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Publication numberUS3928678 A
Publication typeGrant
Publication dateDec 23, 1975
Filing dateJan 26, 1973
Priority dateJan 26, 1973
Also published asDE2403314A1, DE2403314B2, DE2403314C3
Publication numberUS 3928678 A, US 3928678A, US-A-3928678, US3928678 A, US3928678A
InventorsBrian W Jackson
Original AssigneeEastman Kodak Co
Export CitationBiBTeX, EndNote, RefMan
External Links: USPTO, USPTO Assignment, Espacenet
Method and apparatus for coating a substrate
US 3928678 A
Abstract
An improved method of coating one or more layers of liquid coating composition onto a substrate from a coating hopper of the type having an inclined slide surface, wherein each coating composition is fed in the form of a layer, and in superposed relation to any other composition layers, upon an upper portion of the inclined slide surface to flow by gravity toward the substrate. According to the invention, the layer(s) is redirected at a lower lip portion of the slide surface to flow in a more horizontal direction before flowing across a generally horizontal gap onto a substrate moving in a generally upward direction.
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[ 1 Dec. 23, 1975 METHOD AND APPARATUS FOR COATING A SUBSTRATE [75] Inventor: Brian W. Jackson, Pinner, England [73] Assignee: Eastman Kodak Company,

Rochester, NY.

[22] Filed: Jan. 26, 1973 [21] Appl. No.: 326,621

[56] References Cited UNITED STATES PATENTS 3,413,143 ll/1968 Cameron et al. 427/402 3,526,528 9/1970 Takahachi et a1. 117/81 3,531,314 9/1970 Kerr et al 117/34 3,607,345 9/1971 Thomas et al. 117/34 3,627,564 12/1971 Mercier 117/34 3,640,752 2/1972 lchiwati et al. 117/34 FOREIGN PATENTS OR APPLICATIONS 1,151,173 7/1963 Germany 117/34 Primary ExaminerMichael Sofocleous Attorney, Agent, or Firm-A. P. Lorenzo [57] ABSTRACT An improved method of coating one or more layers of liquid coating composition onto a substrate from a coating hopper of the type having an inclined slide surface, wherein each coating composition is fed in the form of a layer, and in superposed relation to any other composition layers, upon an upper portion of the inclined slide surface to flow by gravity toward the substrate. According to the invention, the layer(s) is redirected at a lower lip portion of the slide surface to flow in a more horizontal direction before flowing across a generally horizontal gap onto a substrate moving in a generally upward direction.

8 Claims, 3 Drawing Figures US. Patent Dec. 23, 1975 METHOD AND APPARATUS FOR COATING A SUBSTRATE BACKGROUND OF THE INVENTION 1. Field of the Invention This invention relates to improvements in coating methods and apparatus. The invention is particularly useful in the coating of one or more layers of coating compositions onto a substrate, such as, say, a web.

'2. Description of the Prior Art In the prior art, as represented by US. Pat. Nos. 2,761,419, filed in the name of Mercier et al. and 2,761,791 filed in the name of Russell et al. the contents of which patents are herein incorporated by reference-it is known to simultaneously coat a moving substrate, for example, a web of photographic film base with emulsion coating compositions, by the use of a coating hopper which includes one or more inclined slide surfaces, down which one or more of the fluid coating compositions may be made to flow. The hopper may include a plurality of separate exit slots, whereby respective liquid coating compositions may be metered from individual supplies and distributed uniformly across respective inclined slide surfaces. Each of the respective compositions flows by gravity as a layer down its respective inclined surface, whereby the layer becomes smooth and of uniform thickness. The slide surfaces are arranged so that the layers flow on top of one another. At the end of the last slide surface, i.e., the one adjacent to the substrate, the stratified layers flow into a bead or puddle which bridges a small generally horizontal gap between an edge of the coating hopper and the upwardly moving substrate. The substrate, as it is advanced into contact with the bead, simultaneously picks up all the layers, which layers deposit on the substrate as a composite coating of substantially distinct superimposed layers.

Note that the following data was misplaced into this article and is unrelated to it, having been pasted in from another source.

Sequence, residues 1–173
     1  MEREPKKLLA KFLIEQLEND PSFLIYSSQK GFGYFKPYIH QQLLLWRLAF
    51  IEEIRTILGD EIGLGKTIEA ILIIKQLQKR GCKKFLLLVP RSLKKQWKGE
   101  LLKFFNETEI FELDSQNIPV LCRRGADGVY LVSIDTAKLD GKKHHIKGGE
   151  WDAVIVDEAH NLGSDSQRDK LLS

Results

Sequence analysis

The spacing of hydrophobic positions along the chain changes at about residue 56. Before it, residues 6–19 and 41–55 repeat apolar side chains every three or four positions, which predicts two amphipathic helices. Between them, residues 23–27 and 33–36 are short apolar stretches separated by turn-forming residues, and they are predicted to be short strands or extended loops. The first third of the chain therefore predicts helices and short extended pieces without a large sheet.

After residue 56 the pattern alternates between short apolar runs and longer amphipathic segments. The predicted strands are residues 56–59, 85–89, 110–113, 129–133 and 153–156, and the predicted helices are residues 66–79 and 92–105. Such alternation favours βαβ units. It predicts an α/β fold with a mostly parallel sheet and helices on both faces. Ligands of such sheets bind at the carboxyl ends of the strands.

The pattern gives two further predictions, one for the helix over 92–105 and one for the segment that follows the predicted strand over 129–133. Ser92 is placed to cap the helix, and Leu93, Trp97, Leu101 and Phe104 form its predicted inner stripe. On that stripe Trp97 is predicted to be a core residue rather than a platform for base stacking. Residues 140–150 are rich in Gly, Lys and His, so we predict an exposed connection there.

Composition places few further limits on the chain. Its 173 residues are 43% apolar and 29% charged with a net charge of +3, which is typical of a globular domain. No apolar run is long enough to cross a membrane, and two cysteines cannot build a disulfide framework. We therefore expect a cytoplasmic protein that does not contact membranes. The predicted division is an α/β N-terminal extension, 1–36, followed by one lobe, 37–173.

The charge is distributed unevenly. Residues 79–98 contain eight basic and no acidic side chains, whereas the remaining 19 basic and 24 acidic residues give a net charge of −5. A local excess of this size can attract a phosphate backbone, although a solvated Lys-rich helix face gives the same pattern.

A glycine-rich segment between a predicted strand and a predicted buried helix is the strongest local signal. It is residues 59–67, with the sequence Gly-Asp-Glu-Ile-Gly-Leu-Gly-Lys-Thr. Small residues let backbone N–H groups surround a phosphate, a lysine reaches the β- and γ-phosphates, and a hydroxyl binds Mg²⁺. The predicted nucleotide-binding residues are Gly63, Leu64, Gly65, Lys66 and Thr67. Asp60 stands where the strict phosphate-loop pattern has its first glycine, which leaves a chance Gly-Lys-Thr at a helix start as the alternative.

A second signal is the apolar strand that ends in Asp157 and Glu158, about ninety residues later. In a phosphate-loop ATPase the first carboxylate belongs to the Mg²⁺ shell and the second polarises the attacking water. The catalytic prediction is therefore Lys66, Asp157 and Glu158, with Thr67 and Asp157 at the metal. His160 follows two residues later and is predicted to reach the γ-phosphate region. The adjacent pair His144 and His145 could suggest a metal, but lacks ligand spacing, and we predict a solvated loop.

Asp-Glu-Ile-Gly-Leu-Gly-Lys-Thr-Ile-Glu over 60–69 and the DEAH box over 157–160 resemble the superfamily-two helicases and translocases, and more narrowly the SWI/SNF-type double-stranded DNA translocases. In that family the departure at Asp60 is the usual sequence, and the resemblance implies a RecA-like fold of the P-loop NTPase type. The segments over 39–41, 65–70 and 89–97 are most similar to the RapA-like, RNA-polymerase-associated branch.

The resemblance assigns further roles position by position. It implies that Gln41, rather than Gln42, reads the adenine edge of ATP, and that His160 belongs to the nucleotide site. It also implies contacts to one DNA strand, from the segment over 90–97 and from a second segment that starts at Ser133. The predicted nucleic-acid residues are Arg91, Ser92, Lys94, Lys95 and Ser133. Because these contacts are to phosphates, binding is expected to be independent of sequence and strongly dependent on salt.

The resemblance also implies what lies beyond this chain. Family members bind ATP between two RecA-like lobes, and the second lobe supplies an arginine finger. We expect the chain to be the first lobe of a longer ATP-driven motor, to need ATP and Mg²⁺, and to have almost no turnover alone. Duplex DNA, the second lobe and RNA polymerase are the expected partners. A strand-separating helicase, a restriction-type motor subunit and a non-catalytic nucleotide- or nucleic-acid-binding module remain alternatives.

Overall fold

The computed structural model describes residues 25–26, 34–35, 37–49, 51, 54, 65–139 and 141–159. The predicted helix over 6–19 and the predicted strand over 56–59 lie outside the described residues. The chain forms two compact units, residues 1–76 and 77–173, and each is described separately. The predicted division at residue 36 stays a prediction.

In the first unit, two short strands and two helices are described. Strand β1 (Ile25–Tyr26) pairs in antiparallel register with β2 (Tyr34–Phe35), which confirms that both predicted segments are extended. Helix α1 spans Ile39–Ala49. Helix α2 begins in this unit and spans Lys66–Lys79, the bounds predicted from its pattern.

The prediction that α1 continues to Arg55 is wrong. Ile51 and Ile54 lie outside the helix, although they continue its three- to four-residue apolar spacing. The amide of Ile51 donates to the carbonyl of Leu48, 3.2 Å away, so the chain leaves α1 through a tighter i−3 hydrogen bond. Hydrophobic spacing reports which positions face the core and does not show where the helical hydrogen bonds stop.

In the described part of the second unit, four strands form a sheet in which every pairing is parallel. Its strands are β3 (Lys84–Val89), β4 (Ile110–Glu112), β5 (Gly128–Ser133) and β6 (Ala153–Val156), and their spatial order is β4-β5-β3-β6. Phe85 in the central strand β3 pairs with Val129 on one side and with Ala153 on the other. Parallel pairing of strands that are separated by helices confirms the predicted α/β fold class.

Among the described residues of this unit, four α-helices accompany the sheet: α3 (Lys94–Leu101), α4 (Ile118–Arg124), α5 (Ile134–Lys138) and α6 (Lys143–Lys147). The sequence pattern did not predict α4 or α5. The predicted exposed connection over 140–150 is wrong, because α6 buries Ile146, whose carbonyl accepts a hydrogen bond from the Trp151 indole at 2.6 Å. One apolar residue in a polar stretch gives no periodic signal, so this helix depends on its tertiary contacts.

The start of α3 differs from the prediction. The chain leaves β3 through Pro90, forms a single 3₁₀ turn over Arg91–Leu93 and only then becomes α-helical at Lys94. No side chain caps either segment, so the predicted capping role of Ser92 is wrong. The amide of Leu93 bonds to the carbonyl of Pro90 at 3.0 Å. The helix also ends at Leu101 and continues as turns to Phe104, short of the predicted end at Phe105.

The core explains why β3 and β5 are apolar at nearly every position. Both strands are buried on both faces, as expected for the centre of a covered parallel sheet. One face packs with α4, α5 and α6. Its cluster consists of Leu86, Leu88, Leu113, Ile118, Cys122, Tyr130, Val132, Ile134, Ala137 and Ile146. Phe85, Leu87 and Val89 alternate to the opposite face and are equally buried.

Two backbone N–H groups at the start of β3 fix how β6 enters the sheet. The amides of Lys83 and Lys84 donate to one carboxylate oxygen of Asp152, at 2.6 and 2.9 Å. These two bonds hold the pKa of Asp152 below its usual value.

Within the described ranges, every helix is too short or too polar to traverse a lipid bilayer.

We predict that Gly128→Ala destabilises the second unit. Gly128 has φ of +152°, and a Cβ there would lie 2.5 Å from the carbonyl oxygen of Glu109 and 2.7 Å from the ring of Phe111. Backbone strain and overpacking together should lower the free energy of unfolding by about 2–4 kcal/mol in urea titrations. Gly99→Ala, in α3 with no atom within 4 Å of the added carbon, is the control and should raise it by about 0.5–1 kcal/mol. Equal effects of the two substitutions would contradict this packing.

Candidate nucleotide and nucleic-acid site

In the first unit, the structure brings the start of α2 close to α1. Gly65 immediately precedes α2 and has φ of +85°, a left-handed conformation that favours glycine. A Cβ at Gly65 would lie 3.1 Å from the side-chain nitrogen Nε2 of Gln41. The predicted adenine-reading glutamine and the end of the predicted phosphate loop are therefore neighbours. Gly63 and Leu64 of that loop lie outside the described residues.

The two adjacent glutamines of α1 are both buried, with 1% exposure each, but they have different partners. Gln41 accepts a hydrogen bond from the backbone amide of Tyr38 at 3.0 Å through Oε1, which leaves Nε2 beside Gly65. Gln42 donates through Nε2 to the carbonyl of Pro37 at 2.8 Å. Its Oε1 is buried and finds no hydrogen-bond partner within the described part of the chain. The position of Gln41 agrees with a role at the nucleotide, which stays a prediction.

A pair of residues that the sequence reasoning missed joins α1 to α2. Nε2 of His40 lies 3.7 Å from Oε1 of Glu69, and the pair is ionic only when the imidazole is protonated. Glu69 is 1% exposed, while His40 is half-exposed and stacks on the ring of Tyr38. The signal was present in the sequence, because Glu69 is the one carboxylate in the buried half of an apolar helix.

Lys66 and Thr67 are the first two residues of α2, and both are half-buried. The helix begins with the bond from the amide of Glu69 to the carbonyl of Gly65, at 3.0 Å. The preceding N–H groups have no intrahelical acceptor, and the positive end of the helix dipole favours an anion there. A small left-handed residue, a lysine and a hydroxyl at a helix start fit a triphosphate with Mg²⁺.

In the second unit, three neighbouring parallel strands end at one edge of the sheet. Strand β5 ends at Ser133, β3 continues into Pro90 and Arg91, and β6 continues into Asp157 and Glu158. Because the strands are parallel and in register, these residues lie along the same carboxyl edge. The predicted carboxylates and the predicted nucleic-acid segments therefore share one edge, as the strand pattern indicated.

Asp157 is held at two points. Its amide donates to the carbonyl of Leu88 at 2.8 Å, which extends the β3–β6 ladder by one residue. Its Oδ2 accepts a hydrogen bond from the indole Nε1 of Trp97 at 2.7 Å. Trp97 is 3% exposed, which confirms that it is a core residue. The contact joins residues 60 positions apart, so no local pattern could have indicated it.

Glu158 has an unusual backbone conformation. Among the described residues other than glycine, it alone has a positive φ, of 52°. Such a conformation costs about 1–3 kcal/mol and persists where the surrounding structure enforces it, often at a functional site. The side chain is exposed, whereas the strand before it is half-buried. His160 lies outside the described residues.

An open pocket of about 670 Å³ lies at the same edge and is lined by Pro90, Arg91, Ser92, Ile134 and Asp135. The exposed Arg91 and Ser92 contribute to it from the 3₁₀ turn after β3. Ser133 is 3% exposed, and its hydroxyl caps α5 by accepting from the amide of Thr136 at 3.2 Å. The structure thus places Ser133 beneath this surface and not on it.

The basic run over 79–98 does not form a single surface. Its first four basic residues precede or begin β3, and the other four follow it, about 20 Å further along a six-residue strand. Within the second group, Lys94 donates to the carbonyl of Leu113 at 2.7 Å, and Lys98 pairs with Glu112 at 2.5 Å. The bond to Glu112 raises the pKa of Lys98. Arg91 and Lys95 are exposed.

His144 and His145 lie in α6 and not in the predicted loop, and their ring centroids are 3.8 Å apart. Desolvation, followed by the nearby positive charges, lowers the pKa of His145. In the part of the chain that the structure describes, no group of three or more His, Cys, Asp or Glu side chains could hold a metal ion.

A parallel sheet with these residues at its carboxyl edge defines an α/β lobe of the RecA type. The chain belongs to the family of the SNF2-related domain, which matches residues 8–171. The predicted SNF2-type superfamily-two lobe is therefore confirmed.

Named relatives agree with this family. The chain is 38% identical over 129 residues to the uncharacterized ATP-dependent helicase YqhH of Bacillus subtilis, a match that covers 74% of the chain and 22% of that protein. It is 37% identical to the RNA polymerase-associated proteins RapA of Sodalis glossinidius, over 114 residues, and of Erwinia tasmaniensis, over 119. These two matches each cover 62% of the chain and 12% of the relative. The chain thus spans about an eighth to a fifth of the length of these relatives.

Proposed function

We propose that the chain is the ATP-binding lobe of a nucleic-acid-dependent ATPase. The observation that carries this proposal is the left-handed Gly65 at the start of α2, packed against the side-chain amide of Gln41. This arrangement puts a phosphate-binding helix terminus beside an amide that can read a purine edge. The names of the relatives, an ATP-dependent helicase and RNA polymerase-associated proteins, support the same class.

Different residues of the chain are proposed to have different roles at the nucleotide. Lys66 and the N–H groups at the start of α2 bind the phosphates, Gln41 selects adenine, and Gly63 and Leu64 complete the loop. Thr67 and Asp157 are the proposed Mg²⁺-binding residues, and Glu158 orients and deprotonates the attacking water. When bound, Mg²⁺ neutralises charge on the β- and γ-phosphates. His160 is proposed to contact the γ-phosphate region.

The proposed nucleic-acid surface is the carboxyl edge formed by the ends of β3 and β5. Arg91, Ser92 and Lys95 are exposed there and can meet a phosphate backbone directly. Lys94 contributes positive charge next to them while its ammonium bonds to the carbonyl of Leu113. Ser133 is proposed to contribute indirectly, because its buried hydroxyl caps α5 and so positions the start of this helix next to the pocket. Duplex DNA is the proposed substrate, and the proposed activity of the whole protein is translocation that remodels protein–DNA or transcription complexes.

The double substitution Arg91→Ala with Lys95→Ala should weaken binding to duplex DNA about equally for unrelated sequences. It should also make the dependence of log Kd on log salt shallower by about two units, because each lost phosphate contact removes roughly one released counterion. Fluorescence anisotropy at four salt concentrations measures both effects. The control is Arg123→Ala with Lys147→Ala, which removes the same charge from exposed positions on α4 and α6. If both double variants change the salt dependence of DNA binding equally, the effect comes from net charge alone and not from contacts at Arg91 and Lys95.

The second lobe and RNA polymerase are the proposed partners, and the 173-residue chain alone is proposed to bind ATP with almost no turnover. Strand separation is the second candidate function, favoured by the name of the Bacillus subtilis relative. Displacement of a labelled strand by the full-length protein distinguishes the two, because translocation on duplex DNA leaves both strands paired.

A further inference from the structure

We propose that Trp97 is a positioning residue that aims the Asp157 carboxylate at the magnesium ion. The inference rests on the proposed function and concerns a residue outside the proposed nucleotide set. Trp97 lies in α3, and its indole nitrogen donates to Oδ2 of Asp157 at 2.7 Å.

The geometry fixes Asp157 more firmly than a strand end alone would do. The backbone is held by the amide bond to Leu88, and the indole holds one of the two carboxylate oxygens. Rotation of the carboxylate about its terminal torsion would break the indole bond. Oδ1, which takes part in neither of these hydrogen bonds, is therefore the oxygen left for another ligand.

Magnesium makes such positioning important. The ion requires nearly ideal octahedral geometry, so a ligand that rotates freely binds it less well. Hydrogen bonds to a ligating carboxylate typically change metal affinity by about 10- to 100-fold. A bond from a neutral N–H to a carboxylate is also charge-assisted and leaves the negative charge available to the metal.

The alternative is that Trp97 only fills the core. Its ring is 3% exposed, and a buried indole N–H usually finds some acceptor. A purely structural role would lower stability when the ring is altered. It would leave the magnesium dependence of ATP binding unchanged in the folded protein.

While the above apparatus functions satisfactorily, various defects can arise in the coated layers if the bead is disturbed. For example, a particularly noticeable fault is the appearance of longitudinal striations which render the coated web unacceptable as a commercial tageous to create a pressure differential between the exposed surfaces of the bead, such as by the creation of a vacuum on the trailing surface of the bead to eliminate excessive vibration and/or rupture of the bead. The range of vacuum levels which may be used is, of course, limited as, if it is too great, the high pressure differential across the bead may also cause the bead to be disturbed and/or ruptured. At times, it may develop that the amount of vacuum being used is insufficient to eliminate the excessive vibration in the bead, and thus it is desirable to increase the amount of such vacuum. Where an increase in vacuum will itself cause disturbance and/or rupture of the bead, it is sometimes necessary to change coating conditions, such as by lowering web speed, to make satisfactory coatings.

A further problem with the use of the coating hopper described in the aforementioned Mercier et al. patent is that particles in the liquid coating composition may adhere to the hopper at the lip edge thereof and cause 2 undesirable streaks to be formed in the coating. An apparatus and method which reduces or minimizes the deleterious effects of such particles on coatings represents a significant contribution to the state of the art.